Court name
HC: Criminal Division (Uganda)
Judgment date
13 September 2016

Uganda v Okiria & Anor (HCT-04-CR-SC-2013/3) [2016] UGHCCRD 108 (13 September 2016);

Cite this case
[2016] UGHCCRD 108
Kawesa, J







UGANDA                  ::::::::::::::::::::::::::::::::::::::::::::::   PROSECUTOR



A.2 BAKAYA SAM alias BAGEYA          :::::::::::::::::::::::::                 ACCUSED






The accused are charged of murder.  To prove murder the prosecution has the burden to prove beyond doubt that:

  1. There was death.
  2. The death was unlawful.
  3. There was malice aforethought.
  4. Accused participated.


Accused denied the charge.


The prosecution then sought to prove the charge as follows.



Prosecution relied on PW.1’s evidence who found Odeke dead with a cut wound.  They also relied on PE.3 confirming death.  This ingredient was not contested.  It is therefore proved.

Death was unlawful:

The law is that all homicides unless excused are unlawful per Uganda v. Kulabako Night Jeniffer Cr. See. 61/1991 (unreported).

There is no evidence that this death was accidental or excused.  The ingredient is thus proved.


Malice aforethought

The law was stated in section 191 (a) of the Penal Code Act.  It has been widely interpreted by case law Uganda v. John Ochieng (1992-93) HCB 80 malice aforethought is inferred from the weapon used, body part targeted, number of injuries and conduct of accused during and after the offence.  Prosecution referred to PE.3 showing deep cut wounds on the neck and alleged use of a panga by the assailant to infer malice aforethought.  This ingredient was not challenged and on basis of that evidence this ingredient stands proved.


Participation of accused:

The accused denied participation setting up the defence of alibi.  The prosecution infers the participation of accused basing on circumstantial evidence contained in the testimonies of PW.1 and PW.2.

In submissions counsel for defence points at the weakness of PW.1 and PW.2’s evidence in view of accused’s defence of alibi.  He points at the fact that none of the witnesses is an eye witness.  There was no corroboration of their evidence which renders it merely speculative.  He points at inconsistencies in their evidence of the sniffer dog, and challenged the evidence of threats as not proved.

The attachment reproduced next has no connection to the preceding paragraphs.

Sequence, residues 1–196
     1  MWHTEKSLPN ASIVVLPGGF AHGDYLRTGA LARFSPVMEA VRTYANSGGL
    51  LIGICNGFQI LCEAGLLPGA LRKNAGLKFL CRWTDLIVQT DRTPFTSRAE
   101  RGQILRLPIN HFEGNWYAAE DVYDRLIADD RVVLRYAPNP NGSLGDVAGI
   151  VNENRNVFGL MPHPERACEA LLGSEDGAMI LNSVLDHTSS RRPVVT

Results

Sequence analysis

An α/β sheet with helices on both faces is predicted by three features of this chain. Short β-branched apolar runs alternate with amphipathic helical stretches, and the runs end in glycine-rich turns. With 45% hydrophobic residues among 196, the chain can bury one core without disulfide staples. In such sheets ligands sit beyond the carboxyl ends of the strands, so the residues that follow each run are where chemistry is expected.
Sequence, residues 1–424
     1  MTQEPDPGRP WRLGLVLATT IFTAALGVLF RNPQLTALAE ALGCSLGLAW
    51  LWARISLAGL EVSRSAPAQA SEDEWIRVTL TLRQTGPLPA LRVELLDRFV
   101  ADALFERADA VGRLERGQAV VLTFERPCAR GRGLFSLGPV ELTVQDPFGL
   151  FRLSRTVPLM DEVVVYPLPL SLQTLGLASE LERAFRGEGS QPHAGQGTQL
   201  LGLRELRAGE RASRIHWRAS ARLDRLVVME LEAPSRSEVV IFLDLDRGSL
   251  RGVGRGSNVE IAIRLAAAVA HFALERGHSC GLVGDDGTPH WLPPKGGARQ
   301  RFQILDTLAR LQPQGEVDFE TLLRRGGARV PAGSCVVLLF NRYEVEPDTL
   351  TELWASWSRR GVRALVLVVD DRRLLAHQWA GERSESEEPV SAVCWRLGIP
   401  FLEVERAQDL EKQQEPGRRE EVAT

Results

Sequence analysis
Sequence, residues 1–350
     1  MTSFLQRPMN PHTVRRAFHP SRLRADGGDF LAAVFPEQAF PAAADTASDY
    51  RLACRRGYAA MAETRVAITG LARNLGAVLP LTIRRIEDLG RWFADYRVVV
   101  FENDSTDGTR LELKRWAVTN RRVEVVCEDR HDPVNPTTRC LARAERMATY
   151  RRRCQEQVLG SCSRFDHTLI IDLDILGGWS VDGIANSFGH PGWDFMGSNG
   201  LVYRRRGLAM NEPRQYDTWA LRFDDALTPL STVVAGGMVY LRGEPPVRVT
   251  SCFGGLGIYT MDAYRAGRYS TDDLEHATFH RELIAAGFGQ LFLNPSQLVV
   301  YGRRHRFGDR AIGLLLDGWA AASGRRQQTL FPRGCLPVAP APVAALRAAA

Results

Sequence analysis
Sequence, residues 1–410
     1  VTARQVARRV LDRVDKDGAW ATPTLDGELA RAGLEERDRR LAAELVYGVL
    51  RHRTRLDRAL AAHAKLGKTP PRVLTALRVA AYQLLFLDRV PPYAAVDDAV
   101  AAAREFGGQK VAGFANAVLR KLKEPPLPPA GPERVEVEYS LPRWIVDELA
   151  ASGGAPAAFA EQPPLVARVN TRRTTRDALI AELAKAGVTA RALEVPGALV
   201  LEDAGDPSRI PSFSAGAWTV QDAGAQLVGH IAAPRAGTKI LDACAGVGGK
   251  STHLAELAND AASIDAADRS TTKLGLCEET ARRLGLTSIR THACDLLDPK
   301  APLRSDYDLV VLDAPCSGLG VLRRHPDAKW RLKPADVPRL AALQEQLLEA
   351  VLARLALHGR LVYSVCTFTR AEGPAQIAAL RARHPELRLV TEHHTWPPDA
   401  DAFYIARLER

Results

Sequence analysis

I have carefully evaluated the evidence on record.  I find that the evidence by prosecution is not of eye witnesses.  The evidence of PW.1 is speculative. The fact that A.1 and A.2 went to PW.1’s home and discussed the whereabouts of the deceased does not conclusively infer guilt, without an independent other evidence.  The evidence of PW.2 who just charged deceased’s phone, and saw him proceed home, and also saw A.1 and A.2 head the same direction is also inconclusive evidence of participation.  These witnesses both gave differing versions as to the destination of the dog.  The sniffer dog evidence was wrongly introduced.  Such evidence is expert opinion evidence and it must be adduced by the dog handler who testifies concerning the expertise of himself and his dog.  That evidence is lacking.  There is no link between the dog and accused at all in the evidence on record.


The evidence of a threat is denied by the defence, and PW.1 and PW.2 did not have any proof that accused indeed uttered the threats as alleged.  There is a missing link to connect the alleged threat to the death.  The evidence on record is too weak to establish that link.


The prosecution has failed to adduce any scintilla of evidence to place the accused at the scene of crime.  The defence of alibi is not destroyed.


In Chesakit Matayo v. Uganda Court of Appeal No. 95/2004 court held that:

It is trite law that by setting up an alibi an accused person does not thereby assume the burden of proving its truth so as to raise a doubt in the prosecution case.”

His duty is stated in Chemulon Were Olango (1937) 4 EACA 46 that:

The burden on the person setting up the defence of alibi is to account for so much of the time of the transaction in question as to render it impossible as to have committed the imputed act.”

The evidence by both A.1 and A.2 sufficiently explains their whereabouts at the alleged time.  The prosecution has therefore failed to place the accused at the scene of crime, and thereby failed to prove their participation.


This ingredient is not proved.  The assessors found that participation of accused was not proved and advised that they be acquitted. 

I do agree.


Accused have not been found guilty of this charge, prosecution having failed to prove their participation.

I accordingly find them not guilty of the charge and accordingly acquit them of the same.



Henry I. Kawesa